Weekly Links: Taxes paid by NHL players; Attendance issues in Florida; History of Nassau Coliseum; Growth of women’s hockey in Mexico; and more

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Welcome to Hockey in Society’s Weekly Links post. This feature highlights articles or blog entries that are related to Hockey in Society’s areas of interest and that may be of interest to the site’s readers. Please check out some of the great writing that is happening in the hockey media and blogosphere!

  • A look into the different taxes NHL players pay depending on their province or state. Montreal is listed as the worst for players, while Florida and Nashville have lower tax rates. [TSN]
  • A recent NHL game in Florida was poorly attended, drawing criticism from fans who feel the market cannot sustain a professional hockey club. But other factors other than the market are impacting the poor attendance, including the team’s performance. [SB Nation]
  • An excellent profile of Nassau Coliseum, which the New York Islanders will be vacating to move to Brooklyn. [The Cauldron]

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It’s time to say goodbye to sock tape!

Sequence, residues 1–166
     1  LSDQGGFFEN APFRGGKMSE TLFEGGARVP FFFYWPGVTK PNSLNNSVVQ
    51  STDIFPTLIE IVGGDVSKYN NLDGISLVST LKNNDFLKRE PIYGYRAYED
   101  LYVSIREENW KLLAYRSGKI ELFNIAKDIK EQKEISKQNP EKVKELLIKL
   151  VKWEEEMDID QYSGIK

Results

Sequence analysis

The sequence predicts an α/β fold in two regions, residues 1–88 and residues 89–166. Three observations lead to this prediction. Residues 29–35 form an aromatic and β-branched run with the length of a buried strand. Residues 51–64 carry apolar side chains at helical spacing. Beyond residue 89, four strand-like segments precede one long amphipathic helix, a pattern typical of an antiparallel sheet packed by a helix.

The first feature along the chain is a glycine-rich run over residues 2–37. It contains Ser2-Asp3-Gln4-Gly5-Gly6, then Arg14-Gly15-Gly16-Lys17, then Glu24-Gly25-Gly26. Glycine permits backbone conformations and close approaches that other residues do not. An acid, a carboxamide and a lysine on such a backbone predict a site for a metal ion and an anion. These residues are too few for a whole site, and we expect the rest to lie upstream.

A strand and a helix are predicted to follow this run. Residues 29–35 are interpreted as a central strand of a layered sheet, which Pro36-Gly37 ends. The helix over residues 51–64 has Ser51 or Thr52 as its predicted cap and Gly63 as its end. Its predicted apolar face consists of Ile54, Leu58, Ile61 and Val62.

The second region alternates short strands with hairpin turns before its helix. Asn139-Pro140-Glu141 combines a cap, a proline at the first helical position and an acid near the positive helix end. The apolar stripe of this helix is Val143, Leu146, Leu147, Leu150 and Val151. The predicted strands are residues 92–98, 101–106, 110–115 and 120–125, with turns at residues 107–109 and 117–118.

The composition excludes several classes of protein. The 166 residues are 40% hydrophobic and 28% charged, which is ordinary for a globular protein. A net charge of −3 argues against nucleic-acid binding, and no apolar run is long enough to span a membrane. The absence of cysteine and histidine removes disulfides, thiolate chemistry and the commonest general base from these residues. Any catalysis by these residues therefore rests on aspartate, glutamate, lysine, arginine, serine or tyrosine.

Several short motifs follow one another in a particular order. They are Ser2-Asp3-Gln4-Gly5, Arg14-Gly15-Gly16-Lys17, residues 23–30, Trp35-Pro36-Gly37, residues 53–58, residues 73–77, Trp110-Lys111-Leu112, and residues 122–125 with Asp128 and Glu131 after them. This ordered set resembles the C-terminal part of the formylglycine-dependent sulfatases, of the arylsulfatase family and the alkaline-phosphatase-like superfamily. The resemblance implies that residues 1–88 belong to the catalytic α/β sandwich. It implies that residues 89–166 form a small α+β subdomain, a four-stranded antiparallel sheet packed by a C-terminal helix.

Slide1When I was a part-time sales associate at Sportchek, a mother once commented to me that once her sons had balled up all of the sock tape they used in a month and each created a tape ball the size of a basketball.   Her boys played rep hockey; therefore, they were on the ice quite a few times a week.  After their little experiment the boys substituted sock tape for velcro shin pad straps to hold their shin guards in place.  Her story made me get rid of my sock tape years ago.  After all it’s a win-win: I save money, and the environment doesn’t have to pay (as badly) for my recreational hockey.  After my last game, a teammate sat in the locker room holding a wad of sock tape and asked aloud “I wonder how much sock tape we go through?” Her recognition of the problem has inspired me to try and see if I can actually start a movement: SAY NO TO SOCK TAPE.  And, lucky for me, I happen to have this lovely little platform to start such a movement.   Sock tape is one of the few pieces of equipment that has a sustainable and CHEAP alternative.  So I am issuing a challenge to my own team, the writers on this blog, your team, and everyone who plays hockey to stop using sock tape.  The ultimate goal would be to get the NHL to support this movement (so if you are an NHL player and reading this, your help would be greatly appreciated!) but let’s see how far we can spread this at a grassroots level.